Wednesday, September 08, 2004
Two articles we commend to your attention, both from the October issue of the Atlantic:
- Bush's Lost Year, by James Fallows
By deciding to invade Iraq, the Bush administration decided not to do many other things: not to reconstruct Afghanistan, not to deal with the threats posed by North Korea and Iran, and not to wage an effective war on terror. An inventory of opportunities lost
But the biggest question about the United States—whether its response to 9/11 has made it safer or more vulnerable—can begin to be answered. Over the past two years I have been talking with a group of people at the working level of America's anti-terrorism efforts. Most are in the military, the intelligence agencies, and the diplomatic service; some are in think tanks and nongovernmental agencies. I have come to trust them, because most of them have no partisan ax to grind with the Administration (in the nature of things, soldiers and spies are mainly Republicans), and because they have so far been proved right. In the year before combat started in Iraq, they warned that occupying the country would be far harder than conquering it. As the occupation began, they pointed out the existence of plans and warnings the Administration seemed determined to ignore.
As a political matter, whether the United States is now safer or more vulnerable is of course ferociously controversial. That the war was necessary—and beneficial—is the Bush Administration's central claim. That it was not is the central claim of its critics. But among national-security professionals there is surprisingly little controversy. Except for those in government and in the opinion industries whose job it is to defend the Administration's record, they tend to see America's response to 9/11 as a catastrophe. I have sat through arguments among soldiers and scholars about whether the invasion of Iraq should be considered the worst strategic error in American history—or only the worst since Vietnam. Some of these people argue that the United States had no choice but to fight, given a pre-war consensus among its intelligence agencies that Iraq actually had WMD supplies. Many say that things in Iraq will eventually look much better than they do now. But about the conduct and effect of the war in Iraq one view prevails: it has increased the threats America faces, and has reduced the military, financial, and diplomatic tools with which we can respond.
"Let me tell you my gut feeling," a senior figure at one of America's military-sponsored think tanks told me recently, after we had talked for twenty minutes about details of the campaigns in Afghanistan and Iraq. "If I can be blunt, the Administration is full of shit. In my view we are much, much worse off now than when we went into Iraq. That is not a partisan position. I voted for these guys. But I think they are incompetent, and I have had a very close perspective on what is happening. Certainly in the long run we have harmed ourselves. We are playing to the enemy's political advantage. Whatever tactical victories we may gain along the way, this will prove to be a strategic blunder."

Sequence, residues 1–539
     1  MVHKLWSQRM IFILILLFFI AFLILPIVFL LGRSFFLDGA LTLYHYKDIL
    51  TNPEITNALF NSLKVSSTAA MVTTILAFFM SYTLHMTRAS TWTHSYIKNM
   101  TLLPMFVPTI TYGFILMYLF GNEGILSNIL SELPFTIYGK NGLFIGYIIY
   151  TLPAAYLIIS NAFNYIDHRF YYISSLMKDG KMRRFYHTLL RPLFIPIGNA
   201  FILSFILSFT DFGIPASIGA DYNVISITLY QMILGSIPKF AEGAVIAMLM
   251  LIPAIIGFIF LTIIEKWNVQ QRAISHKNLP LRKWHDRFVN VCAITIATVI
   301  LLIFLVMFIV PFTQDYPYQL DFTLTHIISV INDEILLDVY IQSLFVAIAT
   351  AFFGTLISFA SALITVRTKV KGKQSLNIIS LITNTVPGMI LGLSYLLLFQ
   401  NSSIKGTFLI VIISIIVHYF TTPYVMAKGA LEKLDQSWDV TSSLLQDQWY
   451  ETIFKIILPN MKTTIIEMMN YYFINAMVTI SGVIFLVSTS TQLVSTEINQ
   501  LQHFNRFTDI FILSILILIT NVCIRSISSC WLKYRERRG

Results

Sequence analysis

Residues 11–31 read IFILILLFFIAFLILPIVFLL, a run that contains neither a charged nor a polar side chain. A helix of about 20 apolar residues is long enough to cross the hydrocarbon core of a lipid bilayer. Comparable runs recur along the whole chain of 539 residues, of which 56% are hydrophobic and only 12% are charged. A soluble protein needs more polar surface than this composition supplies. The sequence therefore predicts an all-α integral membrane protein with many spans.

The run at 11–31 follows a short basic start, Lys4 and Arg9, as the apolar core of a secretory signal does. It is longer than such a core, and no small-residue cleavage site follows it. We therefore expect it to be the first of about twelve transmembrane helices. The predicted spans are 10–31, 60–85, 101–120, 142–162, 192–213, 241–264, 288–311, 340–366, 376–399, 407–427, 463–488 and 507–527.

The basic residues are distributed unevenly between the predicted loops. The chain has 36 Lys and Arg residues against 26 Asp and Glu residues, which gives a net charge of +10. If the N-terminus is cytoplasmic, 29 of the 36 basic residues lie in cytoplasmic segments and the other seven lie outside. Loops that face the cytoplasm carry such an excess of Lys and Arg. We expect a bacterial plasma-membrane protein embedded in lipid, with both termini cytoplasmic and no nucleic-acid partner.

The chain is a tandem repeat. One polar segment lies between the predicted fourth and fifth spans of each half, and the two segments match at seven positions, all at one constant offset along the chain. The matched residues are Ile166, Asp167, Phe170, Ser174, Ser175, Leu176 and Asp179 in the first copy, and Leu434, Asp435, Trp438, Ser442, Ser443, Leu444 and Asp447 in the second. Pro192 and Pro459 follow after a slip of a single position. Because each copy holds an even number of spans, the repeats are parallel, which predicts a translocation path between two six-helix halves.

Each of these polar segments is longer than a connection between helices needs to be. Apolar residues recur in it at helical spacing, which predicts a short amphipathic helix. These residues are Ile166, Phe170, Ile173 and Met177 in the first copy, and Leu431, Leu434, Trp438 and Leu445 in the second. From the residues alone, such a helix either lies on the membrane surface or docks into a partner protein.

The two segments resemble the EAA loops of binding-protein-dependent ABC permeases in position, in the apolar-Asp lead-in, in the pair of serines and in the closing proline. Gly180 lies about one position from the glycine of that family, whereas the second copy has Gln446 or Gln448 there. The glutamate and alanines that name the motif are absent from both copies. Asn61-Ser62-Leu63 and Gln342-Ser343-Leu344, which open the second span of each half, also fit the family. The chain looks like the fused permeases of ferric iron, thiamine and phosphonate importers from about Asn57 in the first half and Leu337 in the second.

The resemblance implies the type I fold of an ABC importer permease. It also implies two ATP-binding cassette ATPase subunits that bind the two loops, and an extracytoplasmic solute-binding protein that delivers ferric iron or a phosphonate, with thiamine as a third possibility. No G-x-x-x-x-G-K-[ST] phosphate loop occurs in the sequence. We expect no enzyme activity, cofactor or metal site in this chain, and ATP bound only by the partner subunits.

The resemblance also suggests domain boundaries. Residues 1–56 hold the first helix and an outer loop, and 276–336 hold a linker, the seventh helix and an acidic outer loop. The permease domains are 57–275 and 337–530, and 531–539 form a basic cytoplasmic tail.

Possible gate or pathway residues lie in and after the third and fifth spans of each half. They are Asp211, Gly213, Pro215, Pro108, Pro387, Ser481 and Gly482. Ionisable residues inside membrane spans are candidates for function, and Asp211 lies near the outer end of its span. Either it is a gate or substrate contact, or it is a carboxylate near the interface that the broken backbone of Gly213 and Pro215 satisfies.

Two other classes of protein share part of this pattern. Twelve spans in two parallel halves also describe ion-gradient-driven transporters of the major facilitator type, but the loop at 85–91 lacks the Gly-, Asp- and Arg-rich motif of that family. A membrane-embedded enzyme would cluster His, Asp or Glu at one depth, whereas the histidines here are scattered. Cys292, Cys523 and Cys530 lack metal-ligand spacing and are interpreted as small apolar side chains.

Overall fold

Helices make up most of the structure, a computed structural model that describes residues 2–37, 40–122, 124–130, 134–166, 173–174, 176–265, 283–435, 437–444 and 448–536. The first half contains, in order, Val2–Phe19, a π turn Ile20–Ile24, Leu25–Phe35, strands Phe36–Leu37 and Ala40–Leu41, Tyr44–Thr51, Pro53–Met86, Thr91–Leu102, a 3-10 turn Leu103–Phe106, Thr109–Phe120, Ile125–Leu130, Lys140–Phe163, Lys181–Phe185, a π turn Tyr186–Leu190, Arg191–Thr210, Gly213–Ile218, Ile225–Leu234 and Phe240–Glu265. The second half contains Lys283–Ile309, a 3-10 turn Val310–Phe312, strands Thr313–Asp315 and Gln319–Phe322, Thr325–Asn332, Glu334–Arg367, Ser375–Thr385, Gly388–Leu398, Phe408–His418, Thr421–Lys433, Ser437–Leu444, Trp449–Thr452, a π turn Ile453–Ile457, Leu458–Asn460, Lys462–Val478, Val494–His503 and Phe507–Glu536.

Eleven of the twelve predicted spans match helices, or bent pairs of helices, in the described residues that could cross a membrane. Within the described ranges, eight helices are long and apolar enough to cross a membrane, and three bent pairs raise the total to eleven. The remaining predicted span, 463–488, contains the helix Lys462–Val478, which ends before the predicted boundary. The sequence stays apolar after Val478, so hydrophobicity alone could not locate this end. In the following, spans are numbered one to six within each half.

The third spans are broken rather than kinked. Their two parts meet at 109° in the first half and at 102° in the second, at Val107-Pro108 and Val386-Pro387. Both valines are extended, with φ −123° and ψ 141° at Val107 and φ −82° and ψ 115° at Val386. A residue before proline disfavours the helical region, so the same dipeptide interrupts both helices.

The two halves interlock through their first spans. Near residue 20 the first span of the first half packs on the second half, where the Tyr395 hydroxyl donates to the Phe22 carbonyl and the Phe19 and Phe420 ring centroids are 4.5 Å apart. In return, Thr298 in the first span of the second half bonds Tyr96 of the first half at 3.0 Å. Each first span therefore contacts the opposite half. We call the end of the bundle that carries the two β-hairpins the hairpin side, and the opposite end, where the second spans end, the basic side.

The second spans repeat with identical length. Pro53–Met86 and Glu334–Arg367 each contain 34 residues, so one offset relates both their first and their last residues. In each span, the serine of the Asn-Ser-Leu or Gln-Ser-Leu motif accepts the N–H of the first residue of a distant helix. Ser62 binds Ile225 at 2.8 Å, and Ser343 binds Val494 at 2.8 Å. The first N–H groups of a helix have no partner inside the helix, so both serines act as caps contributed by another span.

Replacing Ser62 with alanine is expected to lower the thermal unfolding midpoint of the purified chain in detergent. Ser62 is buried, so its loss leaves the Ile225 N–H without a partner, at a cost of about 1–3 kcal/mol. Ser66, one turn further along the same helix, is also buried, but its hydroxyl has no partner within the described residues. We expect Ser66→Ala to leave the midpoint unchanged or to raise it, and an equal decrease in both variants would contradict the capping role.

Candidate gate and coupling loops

- The Long Hunt for Osama, by Peter Bergen
Where has he been? How did we ever let him get away? Our correspondent—one of the few Western journalists ever to have met Osama bin Laden—traces the al-Qaeda leader's footsteps in Afghanistan and Pakistan, and describes the sometimes hapless American pursuit
And therein lies the crux of the problem. With only a small number of American "boots on the ground," the U.S. military chose to rely on the services of local Afghan proxies of uncertain loyalty and competence—a blunder that allowed many members of al-Qaeda, including Osama bin Laden himself, to slip away. The blunder meant that, as a senior U.S. military official told me, "we don't know for sure when bin Laden disappeared."
Mashal told me that there were three routes out of Tora Bora. The young and the energetic took the difficult, snow-covered passes south toward Parachinar. Others took the road to the southeastern Afghan city of Gardez. Older fighters headed east into Pakistan. According to Mashal, bin Laden took the Parachinar route, aided by members of the Pashtun Ghilzai tribe, who were paid handsomely in money and rifles for their efforts. And so was lost the last, best chance to capture al-Qaeda's leader, at a time when he was confined to an area of several dozen square miles. Bin Laden may now be somewhere in Pakistan's North West Frontier Province—and if so, the area involved is approximately 40,000 square miles, a largely mountainous tract the size of Virginia.
This past January, Lieutenant Colonel Brian Hilferty, the senior spokesman for U.S. forces in Afghanistan, announced, "We're sure we're going to catch Osama bin Laden and [the former Taliban leader] Mullah Omar this year." His prediction came at about the same time that the U.S. and Pakistani governments announced a plan to conduct more-intensive operations to find bin Laden. The joint "hammer-and-anvil" strategy involved Pakistan's moving 70,000 soldiers into the tribal regions to flush out al-Qaeda forces, which would then, at least theoretically, flee across the border into the arms of U.S. forces waiting for them on the Afghan side. But the plan was trumpeted at every turn—and as a result, any al-Qaeda member with an ounce of common sense very probably left the tribal areas earlier this year. "Al-Qaeda are not so foolish that they would be sitting waiting there for a year for the Pakistan army," Syed Mohsin Naqvi told me.